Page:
If you’re looking for something to ponder this weekend, let me recommend this piece in the Economist about the Internet in the modern age to you (via Melissa Clouthier’s Twitter feed). The article looks at the challenges of keeping the internet open in the face of obvious threats to national security such as WikiLeaks, reassertion of national sovereignty, and “powerful forces”.
I’m nowhere close to sure that the web is in danger of Balkinization as the authors are, though it’s clear that individual nations are going to have to exert more control over what goes into and out of their country electronically. In the end, though, I don’t see the final result as being very different from what we have today. Nations already limit content their citizens can see, both for good reasons and for despotic ones. For example, there are things I simply can’t buy for download here in the United States because either my government or the company who owns the material won’t allow me to do so, though I could buy the same things in Europe or Australia. That’s not Balkinization, or even the beginning of a “closed internet”. That’s just common business practice and we deal with that situation pretty much ever say, on the internet and elsewhere.
Similarly, I don’t see a big threat from corporate firewalling either. Apple has become the big dog when it comes to downloadable music and mobile platforms, but it is by no means the only player. The Android market is thriving (and far more open than the iPhone market) and Blackberry is still strong. Amazon has a good music service that shows no sign of disappearing anytime soon and the same goes for Rhapsody. People can still choose the mobile platform or music service they wish, or choose no platform at all.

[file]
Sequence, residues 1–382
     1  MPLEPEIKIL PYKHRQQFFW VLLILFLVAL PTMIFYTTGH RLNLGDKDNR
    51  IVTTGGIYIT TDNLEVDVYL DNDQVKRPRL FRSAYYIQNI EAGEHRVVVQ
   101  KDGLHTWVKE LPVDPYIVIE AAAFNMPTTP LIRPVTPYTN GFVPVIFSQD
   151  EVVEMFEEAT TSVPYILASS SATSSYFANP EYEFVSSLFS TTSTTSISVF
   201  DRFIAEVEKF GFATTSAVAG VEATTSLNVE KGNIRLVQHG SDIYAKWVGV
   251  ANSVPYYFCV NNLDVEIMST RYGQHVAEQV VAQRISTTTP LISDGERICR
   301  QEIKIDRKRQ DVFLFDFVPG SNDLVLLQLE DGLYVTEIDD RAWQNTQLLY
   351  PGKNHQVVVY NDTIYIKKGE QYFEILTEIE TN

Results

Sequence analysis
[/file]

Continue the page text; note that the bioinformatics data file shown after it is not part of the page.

It’s possible that we might see a more fractured cyberspace, though I find it difficult to imagine that most free countries or capitalist corporations will start slamming down “Great Walls” of the kind we see surrounding China or other nations ruled by tyrants. There is a long and deeply-held tradition of freedom in America, at least, that won’t allow such a thing to happen. Even if someone did try such a thing, creative individuals and small companies would quickly find ways around it. That doesn’t mean we shouldn’t be vigilant against such an attempt, but it does mean that the attempt wouldn’t be very likely to succeed.
What we should avoid, at all costs, is giving the UN the power to enforce whatever rules it pleases on the Internet. As we’ve seen all across Africa, the former Yugoslavia, and the Middle East, the UN is woefully incompetent when it comes to ensuring freedom and safety. We don’t need an international internet police. We simply need to keep on exercising our choices as we see fit and fighting for our ability to do so.